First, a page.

India has 868 higher education institutions, and the plan is to grant autonomy to 15%. A list of 62, including JNU & BHU, was released last month.

New Delhi: More colleges and universities will soon have reason to cheer, as the Modi government pushes to complete its target of granting autonomy to 15 per cent of India’s higher education institutions.

Over 65 institutions, including Delhi University’s St Stephen’s College, are set for graded autonomy — which means greater freedom from higher education regulators like the University Grants Commission and the All India Council for Technical Education. Under this plan, the institutes will have greater freedom to decide their own courses, set up off-campus centres and academic collaborations.

However, this also means they will be able to decide on the fee structure, which has led to a worrisome situation for students and parents, because it could mean the fees are likely to go up.

How many institutes?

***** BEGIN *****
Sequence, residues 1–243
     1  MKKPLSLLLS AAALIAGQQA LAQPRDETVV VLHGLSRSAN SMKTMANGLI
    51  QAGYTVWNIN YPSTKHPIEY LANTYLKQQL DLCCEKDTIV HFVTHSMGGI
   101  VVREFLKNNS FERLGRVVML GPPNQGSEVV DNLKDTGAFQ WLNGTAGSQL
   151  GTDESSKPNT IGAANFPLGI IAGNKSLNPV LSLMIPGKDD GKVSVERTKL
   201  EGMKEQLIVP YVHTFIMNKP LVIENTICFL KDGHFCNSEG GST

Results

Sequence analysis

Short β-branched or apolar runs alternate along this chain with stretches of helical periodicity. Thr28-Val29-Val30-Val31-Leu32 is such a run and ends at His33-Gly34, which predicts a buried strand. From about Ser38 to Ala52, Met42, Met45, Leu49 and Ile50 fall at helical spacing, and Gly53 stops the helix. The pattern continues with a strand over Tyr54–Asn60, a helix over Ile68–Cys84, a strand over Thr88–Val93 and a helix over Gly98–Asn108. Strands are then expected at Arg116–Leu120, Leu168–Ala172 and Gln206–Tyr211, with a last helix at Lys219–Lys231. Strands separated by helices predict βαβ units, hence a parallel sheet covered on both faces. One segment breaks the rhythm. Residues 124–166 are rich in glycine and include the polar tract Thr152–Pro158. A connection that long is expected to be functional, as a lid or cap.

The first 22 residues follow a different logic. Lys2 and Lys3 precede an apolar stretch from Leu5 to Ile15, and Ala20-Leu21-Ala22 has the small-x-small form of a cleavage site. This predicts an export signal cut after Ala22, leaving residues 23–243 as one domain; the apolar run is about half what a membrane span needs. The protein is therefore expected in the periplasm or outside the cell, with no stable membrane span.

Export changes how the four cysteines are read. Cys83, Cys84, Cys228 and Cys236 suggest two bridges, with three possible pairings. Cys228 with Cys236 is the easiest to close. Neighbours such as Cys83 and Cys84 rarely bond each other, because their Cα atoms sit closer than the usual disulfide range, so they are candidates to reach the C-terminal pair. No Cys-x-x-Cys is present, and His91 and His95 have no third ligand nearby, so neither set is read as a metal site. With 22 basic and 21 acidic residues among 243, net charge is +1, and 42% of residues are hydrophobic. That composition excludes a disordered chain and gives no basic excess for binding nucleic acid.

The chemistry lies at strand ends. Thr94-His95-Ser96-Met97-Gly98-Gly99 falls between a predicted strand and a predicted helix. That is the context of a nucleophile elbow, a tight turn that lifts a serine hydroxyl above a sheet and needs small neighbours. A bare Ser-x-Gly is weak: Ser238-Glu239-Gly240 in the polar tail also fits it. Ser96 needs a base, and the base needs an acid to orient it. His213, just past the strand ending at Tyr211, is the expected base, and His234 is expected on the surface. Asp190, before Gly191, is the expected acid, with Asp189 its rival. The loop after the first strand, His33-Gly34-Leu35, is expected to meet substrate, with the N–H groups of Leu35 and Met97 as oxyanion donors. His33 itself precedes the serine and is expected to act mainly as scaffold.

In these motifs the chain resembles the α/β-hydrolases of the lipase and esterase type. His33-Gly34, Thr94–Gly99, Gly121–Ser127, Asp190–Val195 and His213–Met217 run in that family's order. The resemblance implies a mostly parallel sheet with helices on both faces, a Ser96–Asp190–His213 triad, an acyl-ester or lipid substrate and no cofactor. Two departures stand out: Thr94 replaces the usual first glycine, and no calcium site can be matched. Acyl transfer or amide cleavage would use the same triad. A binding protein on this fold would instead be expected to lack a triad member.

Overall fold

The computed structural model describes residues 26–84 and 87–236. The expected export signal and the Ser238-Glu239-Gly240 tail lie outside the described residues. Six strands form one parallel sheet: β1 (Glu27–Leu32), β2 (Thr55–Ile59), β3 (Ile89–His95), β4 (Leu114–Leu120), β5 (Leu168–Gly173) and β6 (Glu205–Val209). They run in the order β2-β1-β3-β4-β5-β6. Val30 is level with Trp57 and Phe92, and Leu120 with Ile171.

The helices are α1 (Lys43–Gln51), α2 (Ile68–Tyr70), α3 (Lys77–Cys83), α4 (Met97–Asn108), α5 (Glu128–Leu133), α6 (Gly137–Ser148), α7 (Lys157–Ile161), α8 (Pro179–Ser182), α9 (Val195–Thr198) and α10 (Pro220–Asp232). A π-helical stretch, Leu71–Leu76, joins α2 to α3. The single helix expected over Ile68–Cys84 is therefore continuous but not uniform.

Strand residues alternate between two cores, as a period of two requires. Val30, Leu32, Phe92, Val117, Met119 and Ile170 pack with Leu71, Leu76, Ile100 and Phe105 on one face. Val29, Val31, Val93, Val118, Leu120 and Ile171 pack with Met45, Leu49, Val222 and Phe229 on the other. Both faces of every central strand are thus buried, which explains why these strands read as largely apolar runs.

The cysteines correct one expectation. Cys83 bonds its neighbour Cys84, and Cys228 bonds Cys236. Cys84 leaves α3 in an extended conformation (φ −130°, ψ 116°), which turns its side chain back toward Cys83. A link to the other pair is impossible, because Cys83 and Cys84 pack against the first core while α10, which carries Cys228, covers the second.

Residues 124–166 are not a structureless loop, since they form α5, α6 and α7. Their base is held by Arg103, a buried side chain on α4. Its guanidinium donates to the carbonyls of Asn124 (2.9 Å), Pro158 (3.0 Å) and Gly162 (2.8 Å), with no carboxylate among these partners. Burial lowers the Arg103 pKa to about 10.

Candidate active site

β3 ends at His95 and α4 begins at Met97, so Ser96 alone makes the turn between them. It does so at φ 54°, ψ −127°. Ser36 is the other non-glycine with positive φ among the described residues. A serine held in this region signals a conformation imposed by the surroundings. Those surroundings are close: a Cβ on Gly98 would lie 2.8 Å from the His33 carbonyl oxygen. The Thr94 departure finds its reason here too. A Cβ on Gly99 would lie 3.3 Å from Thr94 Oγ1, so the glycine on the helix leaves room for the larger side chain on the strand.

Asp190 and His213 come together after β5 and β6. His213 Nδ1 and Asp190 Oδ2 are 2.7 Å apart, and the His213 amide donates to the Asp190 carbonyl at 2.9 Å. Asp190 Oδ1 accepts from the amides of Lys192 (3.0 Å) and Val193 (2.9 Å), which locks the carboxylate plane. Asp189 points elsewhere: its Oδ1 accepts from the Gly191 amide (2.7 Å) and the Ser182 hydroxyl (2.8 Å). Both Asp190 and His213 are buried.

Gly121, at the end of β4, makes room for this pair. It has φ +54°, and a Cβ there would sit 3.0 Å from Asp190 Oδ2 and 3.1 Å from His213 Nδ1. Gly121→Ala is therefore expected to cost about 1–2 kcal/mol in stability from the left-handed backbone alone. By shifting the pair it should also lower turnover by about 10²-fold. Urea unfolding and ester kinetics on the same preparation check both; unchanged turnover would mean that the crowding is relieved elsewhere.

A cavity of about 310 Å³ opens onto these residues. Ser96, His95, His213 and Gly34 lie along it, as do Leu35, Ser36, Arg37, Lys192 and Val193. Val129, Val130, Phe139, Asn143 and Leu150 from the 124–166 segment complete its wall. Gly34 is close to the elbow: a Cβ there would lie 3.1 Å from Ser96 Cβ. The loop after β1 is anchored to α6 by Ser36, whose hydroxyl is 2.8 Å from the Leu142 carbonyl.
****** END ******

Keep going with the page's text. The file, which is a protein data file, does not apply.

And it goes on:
There are 868 institutions of higher education in India, including colleges, universities, private and deemed, of which the plan is to grant graded autonomy to around 130 initially.

Last month, the Centre granted graded autonomy to 62 institutions, including Jawaharlal Nehru University, Banaras Hindu University, Tata Institute of Social Sciences, Jadavpur University, and the University of Hyderabad.

Government officials close to the developments are tightlipped about which institutions will get autonomy in the second round, but one source said St Stephen’s College would be on the list.

“St Stephen’s had applied for autonomy, and it is going to get it this time. As for which other institutes will receive it, there is a meeting in May to discuss the next list,” said the source.

On what basis is autonomy granted?

Autonomy has been granted to institutions on the basis of the National Assessment and Accreditation Council (NAAC) score, which defines the quality of an institute.

Institutes that have a 3.5-plus score are granted complete freedom from regulators; those with a lower score will face some amount of government/regulatory control.